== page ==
GAZA (Reuters) – Israeli leader Ariel Sharon vowed on Sunday to expand a huge offensive into Gaza that has killed 50 Palestinians until militants stop firing rockets into Israel.
Sharon needs to show he can stop rocket strikes like one that killed two Israeli toddlers last Wednesday so as to counter critics who say his plan to pull out troops and settlers from the occupied strip will encourage more attacks.
In one of the biggest and bloodiest Israeli raids in four years of conflict, nearly 200 tanks and armored vehicles seized 9 square km (3 square miles) of the north Gaza Strip and pushed deep into the teeming Jabalya refugee camp, a militant hotbed.
Sharon said the army would expand the “buffer zone” in northern Gaza to spare Israeli towns from rocket attacks and ensure there was no withdrawal under fire next year.
“Evacuating the Gaza Strip is a plan that will be carried out and all orders have been given to ensure that there will be no fire at the time of the evacuation and I believe not after that either,” he told Army Radio.
Hamas Islamic militants, sworn to destroy Israel, have vowed to keep firing Qassam rockets despite the four-day offensive and to fire them deeper into the Jewish state.
Israeli troops killed three militants from Hamas and the Islamic Jihad faction group early Sunday, taking the death toll to 50 over four days. The army said it opened fire when it saw the men planting a bomb.
At least 31 of the Palestinian dead were militants, but civilians also died. Three Israelis have been killed, two soldiers and a woman jogger.
Gunbattles subsided as the army strengthened its grip on Jabalya. Wary of Israeli drones buzzing overhead to direct fire, fighters tried to keep undercover, detonating hidden bombs. Residents in the town of 100,000 said they were terrified.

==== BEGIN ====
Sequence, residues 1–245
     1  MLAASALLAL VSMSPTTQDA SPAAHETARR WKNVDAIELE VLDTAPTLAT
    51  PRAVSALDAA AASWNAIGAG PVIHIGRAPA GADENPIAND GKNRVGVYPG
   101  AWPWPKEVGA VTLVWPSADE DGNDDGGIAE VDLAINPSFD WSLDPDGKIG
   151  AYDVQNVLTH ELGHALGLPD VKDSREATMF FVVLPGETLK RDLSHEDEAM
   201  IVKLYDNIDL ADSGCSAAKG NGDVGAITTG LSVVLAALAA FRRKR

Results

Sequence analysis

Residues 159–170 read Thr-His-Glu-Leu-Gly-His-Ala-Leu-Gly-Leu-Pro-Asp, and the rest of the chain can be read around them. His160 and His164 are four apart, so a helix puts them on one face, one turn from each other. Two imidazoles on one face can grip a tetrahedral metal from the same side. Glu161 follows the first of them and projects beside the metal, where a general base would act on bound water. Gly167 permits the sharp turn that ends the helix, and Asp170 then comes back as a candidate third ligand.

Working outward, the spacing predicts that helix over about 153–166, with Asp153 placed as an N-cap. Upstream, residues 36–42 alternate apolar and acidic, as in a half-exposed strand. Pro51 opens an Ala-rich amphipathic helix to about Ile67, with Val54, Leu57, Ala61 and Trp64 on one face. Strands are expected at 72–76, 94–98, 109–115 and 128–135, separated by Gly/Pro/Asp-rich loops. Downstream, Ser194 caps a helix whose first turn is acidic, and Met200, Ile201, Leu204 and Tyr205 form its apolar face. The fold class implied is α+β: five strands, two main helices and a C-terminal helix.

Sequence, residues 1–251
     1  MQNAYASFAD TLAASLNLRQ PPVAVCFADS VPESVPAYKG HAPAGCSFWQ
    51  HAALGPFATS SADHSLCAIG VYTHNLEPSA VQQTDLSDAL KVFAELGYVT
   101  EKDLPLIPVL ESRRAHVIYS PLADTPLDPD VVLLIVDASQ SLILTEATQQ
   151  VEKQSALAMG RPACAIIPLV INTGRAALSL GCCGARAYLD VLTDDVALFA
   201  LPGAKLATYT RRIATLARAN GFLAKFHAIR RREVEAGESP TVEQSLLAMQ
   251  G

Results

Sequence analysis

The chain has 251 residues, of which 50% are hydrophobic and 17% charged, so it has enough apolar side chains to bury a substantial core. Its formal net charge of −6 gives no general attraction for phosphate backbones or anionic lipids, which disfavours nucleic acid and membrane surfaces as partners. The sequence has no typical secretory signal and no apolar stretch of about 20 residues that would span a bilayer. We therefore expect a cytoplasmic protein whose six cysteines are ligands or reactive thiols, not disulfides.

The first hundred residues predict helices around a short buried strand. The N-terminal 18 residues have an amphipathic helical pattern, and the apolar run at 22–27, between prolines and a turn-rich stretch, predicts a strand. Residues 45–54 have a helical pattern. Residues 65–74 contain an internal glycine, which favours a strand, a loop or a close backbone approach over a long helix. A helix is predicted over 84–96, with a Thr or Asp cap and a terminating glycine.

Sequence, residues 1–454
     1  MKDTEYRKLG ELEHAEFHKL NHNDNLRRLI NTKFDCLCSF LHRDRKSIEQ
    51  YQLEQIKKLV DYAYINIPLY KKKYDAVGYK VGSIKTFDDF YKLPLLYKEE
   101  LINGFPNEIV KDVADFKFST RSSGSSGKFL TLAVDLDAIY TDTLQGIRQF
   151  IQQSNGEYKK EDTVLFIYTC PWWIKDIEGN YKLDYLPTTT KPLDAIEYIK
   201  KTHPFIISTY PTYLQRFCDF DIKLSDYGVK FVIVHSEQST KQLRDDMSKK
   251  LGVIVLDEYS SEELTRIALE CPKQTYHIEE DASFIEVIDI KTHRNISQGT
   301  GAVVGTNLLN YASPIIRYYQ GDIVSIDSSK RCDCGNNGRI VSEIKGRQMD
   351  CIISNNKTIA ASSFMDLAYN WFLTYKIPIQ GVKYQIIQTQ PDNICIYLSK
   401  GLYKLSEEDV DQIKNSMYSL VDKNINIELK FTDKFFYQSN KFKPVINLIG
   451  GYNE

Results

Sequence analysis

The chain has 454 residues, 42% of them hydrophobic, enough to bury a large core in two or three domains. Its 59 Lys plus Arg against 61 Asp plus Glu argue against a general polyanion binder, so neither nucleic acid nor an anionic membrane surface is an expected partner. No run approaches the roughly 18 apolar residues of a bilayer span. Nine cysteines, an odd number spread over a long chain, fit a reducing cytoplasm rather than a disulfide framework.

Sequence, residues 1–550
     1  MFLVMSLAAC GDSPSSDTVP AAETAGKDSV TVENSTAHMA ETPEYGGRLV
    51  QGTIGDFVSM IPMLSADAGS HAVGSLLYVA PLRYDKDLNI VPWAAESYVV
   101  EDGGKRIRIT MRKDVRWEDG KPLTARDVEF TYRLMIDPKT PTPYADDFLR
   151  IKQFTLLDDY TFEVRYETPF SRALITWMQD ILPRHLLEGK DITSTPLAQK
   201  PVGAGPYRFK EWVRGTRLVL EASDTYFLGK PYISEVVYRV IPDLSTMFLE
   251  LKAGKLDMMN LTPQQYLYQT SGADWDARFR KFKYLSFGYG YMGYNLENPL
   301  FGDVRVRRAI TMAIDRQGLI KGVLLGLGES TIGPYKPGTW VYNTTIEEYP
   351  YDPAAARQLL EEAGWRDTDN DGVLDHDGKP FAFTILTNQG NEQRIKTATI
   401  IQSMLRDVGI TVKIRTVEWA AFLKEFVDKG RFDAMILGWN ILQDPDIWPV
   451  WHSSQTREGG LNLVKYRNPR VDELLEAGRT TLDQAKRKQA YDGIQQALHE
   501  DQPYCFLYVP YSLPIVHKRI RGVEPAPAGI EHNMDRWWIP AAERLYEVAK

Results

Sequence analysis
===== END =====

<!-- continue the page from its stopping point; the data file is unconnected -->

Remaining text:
“We are short of water and food. Children cannot sleep because of the gunfire,” said Abu Ahmad.
Armored bulldozers also pushed into nearby Beit Lahiya, demolishing olive groves, citrus orchards and buildings the army says are used as cover for firing rockets. Palestinians call the demolitions collective punishment.
Palestinian President Yasser Arafat’s leadership has condemned the Israeli raid as “ugly state terror and war crimes.”
But it also signaled militants should stop rocket attacks, saying they give Israelis “the pretext to pursue their crimes.”
Militant factions are bent on giving the impression that they drove Israel out of the Gaza Strip if there is a pullout from the territory occupied since the 1967 war. Israel’s army is determined to smash them first.
Vowing to “teach the enemy an unforgettable lesson,” Hamas has threatened to use its rockets to hit Ashkelon, the closest major Israeli city, 12 km (7.5 miles) up the coast from Gaza.
Israeli security sources believe Ashkelon is too far away to face a major threat, though the Qassams — inaccurate and rarely deadly — are constantly being improved in Gaza workshops. Only one has reached Ashkelon, hitting an industrial zone last year but causing no damage.